Whether FriendFeed will go mainstream or not is just one part of the problem, if FF does go mainstream when will it happen being the other. If this post by TechCrunch and this traffic comparison with twitter are anything to go by,
FriendFeed vs Twitter
the chances of FF making it big(at least in immediate future) are kinda bleak, here’s why

1)  Friendfeed is catering to a need that isn’t really there yet:
For most people who are still learning their ways around blogs, nings, and ims, an aggregator like FF is not really a need yet.  Don’t believe me ? Ask around. There are lots of reasons for this including the fact that most people aren’t on that many services that they need an aggregator, and not so interestingly using a service like FF increases the time needed instead of decreasing it. By opening another channel for my content I need to pay attention twice as much, which isn’t cool for many.

2) FriendFeed isn’t simple or intuitive:
Call me what you want but I honestly feel that the idea or the implementation(if it’s possible for such an app) isn’t for the simple minded. Getting people who can’t seem to get enough of poking or taking “what fruit are you quizzes” to start using FF is a mammoth task. Did I hear someone say, FF isn’t meant for them ?, that’s mainstream baby.

3) FriendFeed isn’t strongly positioned:
How a service is positioned in a segment/sub-segment is extremely crucial in determining if it will be BIG or not. The fact that it’s first in the game or that it doesn’t have to worry about other services stealing their thunder(traffic) is quite important in determing the course of action for its future. What features to add/remove, how to design/not design, what should be the core offering or target audience etc could be some of the difficult decisions if you have to look around before deciding anything. While FF might not agree but quite a lot of people think FF is trying to go Twitter way(at least in terms of looks) and in this pursuit might have hurt itself. The fact that after doing an upgrade users aren’t sure if the changes are useful or not tells a lot.

4) Information Overload:
Filtering might be the next cool thing but not for mainstream noobs. Look around, do you seriously think the guy sitting next to you or on the other side of Facebook/Myspace/Orkut would need to see what you are doing just on delicious and what your other friend is doing just on flickr, maybe that too with just a particular tag ? No, I don’t think so.
Most people (including me) stand a good enough chance to be overwhelmed by the amount of information that starts flowing on your home page. Now that you’ve invited the problem yourself, you are expected to fix it but either reducing number of people you want to subscribe or doing selective/service based subscription.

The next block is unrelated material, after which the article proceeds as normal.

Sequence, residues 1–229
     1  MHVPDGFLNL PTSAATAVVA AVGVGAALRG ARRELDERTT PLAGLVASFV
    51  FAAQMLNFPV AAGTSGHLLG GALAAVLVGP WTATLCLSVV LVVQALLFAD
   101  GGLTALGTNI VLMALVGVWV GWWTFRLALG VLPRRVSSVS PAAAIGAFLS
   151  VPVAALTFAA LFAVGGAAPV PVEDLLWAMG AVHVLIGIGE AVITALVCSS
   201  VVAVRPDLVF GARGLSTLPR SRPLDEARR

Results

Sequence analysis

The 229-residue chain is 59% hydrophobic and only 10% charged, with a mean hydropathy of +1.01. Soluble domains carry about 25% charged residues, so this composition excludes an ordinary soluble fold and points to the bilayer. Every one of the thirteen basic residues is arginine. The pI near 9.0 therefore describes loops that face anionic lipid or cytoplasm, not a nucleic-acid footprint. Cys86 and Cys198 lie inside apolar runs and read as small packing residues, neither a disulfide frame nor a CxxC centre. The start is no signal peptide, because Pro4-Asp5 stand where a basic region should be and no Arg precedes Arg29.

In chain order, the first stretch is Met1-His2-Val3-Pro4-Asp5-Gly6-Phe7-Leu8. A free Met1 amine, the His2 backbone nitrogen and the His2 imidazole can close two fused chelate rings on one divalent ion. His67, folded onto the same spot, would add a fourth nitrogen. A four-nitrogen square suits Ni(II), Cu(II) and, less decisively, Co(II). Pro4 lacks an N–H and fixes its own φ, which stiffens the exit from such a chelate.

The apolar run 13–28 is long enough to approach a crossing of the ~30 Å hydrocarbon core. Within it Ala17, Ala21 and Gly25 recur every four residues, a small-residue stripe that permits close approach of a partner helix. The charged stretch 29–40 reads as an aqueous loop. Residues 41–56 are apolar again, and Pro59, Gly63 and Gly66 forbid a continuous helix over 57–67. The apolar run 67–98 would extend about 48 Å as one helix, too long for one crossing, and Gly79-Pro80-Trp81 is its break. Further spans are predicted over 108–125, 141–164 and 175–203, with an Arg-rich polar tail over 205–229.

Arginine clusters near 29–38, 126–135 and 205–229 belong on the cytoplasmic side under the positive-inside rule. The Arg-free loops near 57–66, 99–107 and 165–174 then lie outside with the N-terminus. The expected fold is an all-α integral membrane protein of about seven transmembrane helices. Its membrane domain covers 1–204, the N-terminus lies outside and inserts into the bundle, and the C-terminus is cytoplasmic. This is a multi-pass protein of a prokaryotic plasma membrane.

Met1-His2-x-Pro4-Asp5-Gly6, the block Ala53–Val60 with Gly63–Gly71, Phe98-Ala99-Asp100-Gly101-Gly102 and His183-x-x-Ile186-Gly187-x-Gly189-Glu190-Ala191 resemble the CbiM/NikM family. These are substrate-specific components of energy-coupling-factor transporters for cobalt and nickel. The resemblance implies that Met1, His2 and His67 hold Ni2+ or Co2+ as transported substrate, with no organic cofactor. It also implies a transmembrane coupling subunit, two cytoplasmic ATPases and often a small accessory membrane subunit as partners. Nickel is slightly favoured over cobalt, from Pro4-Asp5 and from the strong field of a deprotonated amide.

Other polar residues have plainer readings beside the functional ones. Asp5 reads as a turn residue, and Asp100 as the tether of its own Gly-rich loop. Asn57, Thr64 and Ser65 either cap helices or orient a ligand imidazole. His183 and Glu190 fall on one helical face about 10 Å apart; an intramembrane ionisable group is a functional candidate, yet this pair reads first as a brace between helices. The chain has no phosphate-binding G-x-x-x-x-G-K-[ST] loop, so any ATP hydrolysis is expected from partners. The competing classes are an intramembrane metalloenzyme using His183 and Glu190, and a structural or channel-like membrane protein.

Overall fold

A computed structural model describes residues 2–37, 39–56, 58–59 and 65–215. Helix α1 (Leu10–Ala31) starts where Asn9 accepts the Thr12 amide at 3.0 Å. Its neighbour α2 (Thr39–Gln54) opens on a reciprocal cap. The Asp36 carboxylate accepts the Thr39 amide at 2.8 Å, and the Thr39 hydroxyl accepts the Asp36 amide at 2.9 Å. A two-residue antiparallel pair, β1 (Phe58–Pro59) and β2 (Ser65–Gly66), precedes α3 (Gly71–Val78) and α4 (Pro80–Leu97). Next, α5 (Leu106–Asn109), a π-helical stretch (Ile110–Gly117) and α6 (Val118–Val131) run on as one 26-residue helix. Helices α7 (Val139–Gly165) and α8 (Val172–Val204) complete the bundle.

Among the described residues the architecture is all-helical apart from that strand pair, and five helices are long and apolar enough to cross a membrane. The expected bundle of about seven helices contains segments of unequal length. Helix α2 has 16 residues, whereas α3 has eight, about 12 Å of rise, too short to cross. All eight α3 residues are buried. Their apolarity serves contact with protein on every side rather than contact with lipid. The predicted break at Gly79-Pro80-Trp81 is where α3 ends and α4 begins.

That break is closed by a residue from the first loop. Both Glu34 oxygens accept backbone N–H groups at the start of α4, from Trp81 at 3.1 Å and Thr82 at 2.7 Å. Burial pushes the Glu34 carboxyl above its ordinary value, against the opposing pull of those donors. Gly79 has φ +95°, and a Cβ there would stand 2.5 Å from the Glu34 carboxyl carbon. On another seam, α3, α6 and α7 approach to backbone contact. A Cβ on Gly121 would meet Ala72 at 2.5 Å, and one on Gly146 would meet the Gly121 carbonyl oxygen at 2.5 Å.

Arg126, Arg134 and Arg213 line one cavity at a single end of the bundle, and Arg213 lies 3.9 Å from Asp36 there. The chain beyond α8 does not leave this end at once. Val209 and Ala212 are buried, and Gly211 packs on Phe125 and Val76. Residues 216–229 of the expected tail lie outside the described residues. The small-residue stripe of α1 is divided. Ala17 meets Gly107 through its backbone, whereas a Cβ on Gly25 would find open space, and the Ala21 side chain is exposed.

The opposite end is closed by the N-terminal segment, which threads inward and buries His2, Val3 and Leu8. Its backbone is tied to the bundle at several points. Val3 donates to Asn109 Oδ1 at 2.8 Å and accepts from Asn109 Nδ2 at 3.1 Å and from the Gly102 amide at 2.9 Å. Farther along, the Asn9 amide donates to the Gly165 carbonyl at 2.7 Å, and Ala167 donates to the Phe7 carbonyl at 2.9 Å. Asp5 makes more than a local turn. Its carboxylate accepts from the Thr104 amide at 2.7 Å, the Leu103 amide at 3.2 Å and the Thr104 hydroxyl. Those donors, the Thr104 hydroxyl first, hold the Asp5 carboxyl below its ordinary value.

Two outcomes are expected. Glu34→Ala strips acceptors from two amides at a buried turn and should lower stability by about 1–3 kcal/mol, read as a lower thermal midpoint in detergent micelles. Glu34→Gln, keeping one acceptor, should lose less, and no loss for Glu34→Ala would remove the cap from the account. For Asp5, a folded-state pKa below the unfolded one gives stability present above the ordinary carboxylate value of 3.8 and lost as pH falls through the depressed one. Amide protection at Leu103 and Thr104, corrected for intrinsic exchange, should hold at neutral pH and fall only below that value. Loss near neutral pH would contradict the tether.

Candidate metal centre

These are a few basic reasons why I think FriendFeed won’t be going mainstream in the immediate future.

What do you think ?

Social Media: It’s not just about tools

You know what the problem with Social Media is ? Everyone thinks they know it…

Sad but true, this is the case when it comes to social media. Almost everyone who has accounts on two or more services(especially Twitter & FriendFeed) think they all know Social Media like the back of their hand and it’s evident by the  confidence with which they tell you how they think Social Media is the coolest thing ever and that it can do wonders to your company/product without thinking twice . These are the people who will tell you your company needs a blog more than anything, ask them what’s the easiest way to get 10k followers on some microblogging site and they’ll quip “following 20k users”.

While tools are a critical ingredient of the whole Social Media cocktail they are not all that there is to it. What needs to be realized across the board is that tools are just a means to an end(relationships) and knowing how to operate a tool or two doesn’t imply anything. It’s not uncommon to assume that if blogs work for a particular product they should work for any other product too, nor is it uncommon to assume if one needs to spread word on Twitter/Kwippy they need to follow every user they can get my hands on(and put info about their product in the profile background).

Painting is easy when you don’t know how, but very difficult when you do – Edgar Degas

Anyone can use colors to paint but it take an artist to come up with something that people really admire, same is the case with Social Media, anyone can read a few blogs daily or use some tools regularly but to get what Social Media means and what to do with it, needs an extra social sense(mostly common).  A quick test to know if someone gets Social Media would be ask them about how to leverage Social Media without touching any of the commonly available tools or simply by seeing how they score on this checklist(a score of 20 should be a minimum).